Last week I was elected a Fellow of the Uganda National Academy of Science (UNAS) alongside 17 other scholars. I congratulate them. My journey into UNAS started a number of years ago when I argued against a non wholistic view of science. Then, as now, I argued that good science does not exist in a vacuum. It must serve to solve the problems of the community. Good scientists are those who are ‘woke’ in respect of what ails their society. Suppose for instance our scientists could come up with a simple/cheap water filter that would enable all rural dwellers to use clean water. That would revolutionalize our public health program by preventing the transmission of water borne diseases. Good science should be socially focused.
This week, again under the aegis of UNAS, we completed a study on trust in relation to governance and development. Trust is the firm belief in the reliability, truth, or ability of an individual or group to act according to their promises. In our study, trust is defined as the willingness to be vulnerable through the relinquishing of control over this certain aspects of our lives, based on expectations of (an)other’s behaviour. Our thesis was that societies that developed robust trust systems, were more likely to exhibit higher levels of effective national governance and partnerships for national development.
The types of trust we identified were transactional and social. Transactional trust derives mainly from the economics literature and assumes that actors rationally calculate their exposure to risk and trust accordingly. Under this model, actors follow a logic of “enlightened self-interest” when deciding whether to trust one another. For example, we choose our leaders on the basis of what they will do for us. Social trust is a function of how we are socialized, what aspects of our lives we value and think are importance, and under what conditions we are willing to accept vulnerability that those aspects may be mismanaged by those we trust. In other words, our values are based on how we are socialized and those values set the broad boundaries of where, whom, and why we trust.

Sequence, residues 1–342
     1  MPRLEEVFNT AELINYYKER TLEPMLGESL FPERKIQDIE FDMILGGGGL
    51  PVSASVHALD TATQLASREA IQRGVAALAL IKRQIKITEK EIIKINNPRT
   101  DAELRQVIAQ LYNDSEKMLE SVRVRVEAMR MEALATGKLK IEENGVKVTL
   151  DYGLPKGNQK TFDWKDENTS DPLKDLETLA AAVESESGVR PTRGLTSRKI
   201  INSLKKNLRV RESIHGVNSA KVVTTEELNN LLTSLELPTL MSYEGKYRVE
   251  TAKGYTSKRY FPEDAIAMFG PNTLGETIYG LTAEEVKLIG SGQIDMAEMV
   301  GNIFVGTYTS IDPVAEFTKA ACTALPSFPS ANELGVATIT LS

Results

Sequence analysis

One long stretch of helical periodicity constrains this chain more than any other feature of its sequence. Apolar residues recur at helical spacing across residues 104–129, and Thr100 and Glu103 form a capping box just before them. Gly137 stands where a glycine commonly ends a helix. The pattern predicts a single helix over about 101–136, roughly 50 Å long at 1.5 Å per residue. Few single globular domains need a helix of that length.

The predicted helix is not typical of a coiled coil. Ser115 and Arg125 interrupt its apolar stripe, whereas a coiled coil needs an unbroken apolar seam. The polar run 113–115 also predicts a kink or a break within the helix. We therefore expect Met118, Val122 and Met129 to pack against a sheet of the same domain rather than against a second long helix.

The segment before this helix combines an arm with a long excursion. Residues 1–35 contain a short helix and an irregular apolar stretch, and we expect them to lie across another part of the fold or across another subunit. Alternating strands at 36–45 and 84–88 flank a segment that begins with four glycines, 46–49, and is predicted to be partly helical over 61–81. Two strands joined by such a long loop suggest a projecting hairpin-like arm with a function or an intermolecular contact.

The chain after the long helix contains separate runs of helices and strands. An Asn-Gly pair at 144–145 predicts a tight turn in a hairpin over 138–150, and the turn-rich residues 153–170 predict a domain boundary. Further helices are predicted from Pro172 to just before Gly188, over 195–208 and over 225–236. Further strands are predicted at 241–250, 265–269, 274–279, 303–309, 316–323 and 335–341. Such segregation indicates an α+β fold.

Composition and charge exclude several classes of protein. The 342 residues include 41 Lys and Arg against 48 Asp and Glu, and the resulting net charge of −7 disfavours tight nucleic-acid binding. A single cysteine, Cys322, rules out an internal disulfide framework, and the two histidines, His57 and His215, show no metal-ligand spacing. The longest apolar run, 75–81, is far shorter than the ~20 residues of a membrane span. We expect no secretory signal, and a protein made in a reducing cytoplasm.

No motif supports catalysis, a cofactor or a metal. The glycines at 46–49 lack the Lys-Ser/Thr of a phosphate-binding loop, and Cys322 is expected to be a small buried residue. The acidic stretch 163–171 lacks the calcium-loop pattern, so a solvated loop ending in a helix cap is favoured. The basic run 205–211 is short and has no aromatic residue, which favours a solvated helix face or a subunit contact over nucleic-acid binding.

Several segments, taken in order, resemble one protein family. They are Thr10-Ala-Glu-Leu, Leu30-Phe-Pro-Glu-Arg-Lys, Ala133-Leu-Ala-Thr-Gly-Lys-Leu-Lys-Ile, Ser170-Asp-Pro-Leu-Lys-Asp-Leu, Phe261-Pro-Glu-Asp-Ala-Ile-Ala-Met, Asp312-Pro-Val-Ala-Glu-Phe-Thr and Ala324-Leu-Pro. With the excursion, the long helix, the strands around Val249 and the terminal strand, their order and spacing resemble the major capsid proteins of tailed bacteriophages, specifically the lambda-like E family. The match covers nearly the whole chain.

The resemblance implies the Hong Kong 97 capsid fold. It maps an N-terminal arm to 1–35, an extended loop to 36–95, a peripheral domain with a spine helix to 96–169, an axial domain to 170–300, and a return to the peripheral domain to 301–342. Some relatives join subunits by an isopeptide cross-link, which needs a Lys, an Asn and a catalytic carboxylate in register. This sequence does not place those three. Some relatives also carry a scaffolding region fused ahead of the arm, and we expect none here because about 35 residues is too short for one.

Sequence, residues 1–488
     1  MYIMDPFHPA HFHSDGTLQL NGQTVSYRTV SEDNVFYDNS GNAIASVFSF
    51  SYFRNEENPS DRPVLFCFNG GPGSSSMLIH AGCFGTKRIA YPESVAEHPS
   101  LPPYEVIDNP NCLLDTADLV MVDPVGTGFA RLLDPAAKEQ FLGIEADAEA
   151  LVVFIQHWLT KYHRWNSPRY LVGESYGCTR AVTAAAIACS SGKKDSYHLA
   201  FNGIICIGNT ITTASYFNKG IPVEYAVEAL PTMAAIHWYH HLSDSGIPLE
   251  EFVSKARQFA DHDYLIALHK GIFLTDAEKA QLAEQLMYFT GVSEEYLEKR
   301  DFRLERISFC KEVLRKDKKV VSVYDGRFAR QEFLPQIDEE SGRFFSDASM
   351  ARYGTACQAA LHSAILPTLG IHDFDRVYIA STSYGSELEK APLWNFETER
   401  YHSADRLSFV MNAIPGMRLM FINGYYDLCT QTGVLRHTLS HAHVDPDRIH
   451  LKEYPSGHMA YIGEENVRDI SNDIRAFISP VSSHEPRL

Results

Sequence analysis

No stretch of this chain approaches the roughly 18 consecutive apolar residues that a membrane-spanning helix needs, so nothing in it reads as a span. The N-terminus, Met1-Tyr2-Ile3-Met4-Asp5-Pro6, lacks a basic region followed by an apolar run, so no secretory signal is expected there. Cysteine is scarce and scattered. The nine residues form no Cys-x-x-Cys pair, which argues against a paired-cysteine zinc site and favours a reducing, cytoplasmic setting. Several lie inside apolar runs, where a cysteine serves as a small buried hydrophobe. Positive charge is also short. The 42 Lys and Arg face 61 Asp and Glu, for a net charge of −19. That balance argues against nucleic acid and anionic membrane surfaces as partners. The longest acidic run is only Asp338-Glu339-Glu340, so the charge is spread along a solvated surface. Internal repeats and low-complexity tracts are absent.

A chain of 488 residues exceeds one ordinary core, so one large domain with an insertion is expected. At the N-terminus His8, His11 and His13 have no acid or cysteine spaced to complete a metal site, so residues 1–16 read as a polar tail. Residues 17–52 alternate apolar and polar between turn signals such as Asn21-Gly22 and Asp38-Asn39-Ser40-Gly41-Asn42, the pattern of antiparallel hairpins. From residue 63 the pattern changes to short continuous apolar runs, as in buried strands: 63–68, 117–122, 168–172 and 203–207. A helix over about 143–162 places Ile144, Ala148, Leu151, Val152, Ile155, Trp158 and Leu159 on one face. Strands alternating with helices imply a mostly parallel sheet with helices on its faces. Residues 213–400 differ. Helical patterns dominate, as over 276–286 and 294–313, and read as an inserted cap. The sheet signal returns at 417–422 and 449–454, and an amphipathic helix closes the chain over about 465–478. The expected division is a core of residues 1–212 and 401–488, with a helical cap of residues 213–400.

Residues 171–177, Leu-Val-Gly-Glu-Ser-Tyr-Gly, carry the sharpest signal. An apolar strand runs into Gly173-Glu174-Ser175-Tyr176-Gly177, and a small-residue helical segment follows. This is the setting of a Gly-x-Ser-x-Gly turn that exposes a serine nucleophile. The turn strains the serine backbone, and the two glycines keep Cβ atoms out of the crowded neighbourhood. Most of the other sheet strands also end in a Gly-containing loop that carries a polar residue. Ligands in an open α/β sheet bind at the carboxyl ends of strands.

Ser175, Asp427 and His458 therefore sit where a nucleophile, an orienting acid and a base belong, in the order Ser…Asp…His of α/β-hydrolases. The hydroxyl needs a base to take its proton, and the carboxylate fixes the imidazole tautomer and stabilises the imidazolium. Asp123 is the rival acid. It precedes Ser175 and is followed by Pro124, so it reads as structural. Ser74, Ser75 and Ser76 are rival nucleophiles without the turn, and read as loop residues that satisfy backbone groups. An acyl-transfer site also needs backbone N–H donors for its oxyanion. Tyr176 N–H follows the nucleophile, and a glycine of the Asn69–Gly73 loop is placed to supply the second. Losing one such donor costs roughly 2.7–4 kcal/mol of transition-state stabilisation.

Our research question then centered around the level of trust we placed in individuals and social structures of leadership (read government) to act in good faith on the promises that they (individuals and governments) make to their constituents. In the Ugandan development context, it is easy to be suspicious and cynical of one another’s motives and behaviours. This is not surprising because there is a long legacy of broken promises, resort to violence, and a great deal of uncertainty when it comes to what can be expected of one another. Therefore, as a society, the greatest value of trust as a means of engendering good governance and development (because behaviour worthy of trust is in such scarce supply), is the recognition that trust has value can help to set the basis for a change in mindset(s), revealing new understandings of one another, and therefore, of what we can do together as a group/nation.
Based on our research and definitions, we concluded that Ugandans have developed a context specific understanding of trust, and try to manage their expectations of different actors (individuals and government) in a transactional manner. Again using our leadership example, a vote must be paid for immediately. Behavior that is critical to building trust in which our expectations of others is transparent, is not uniformly distributed nor consistent. Thus we are not surprised when leaders say one thing then act in a contrary manner. That is par for the course. Lastly, we note, problem-solving processes and their worthiness of trust are fundamental to sustainable development. That is also what we now call the trust economy. From political promises to money, our word must be our bond in order to change our fortunes. Some societies understood this lesson 500 years ago. We too can still make that leap of faith.
Samuel Sejjaaka is Country Team Leader at Mat Abacus Business School. Twitter @samuelsejjaaka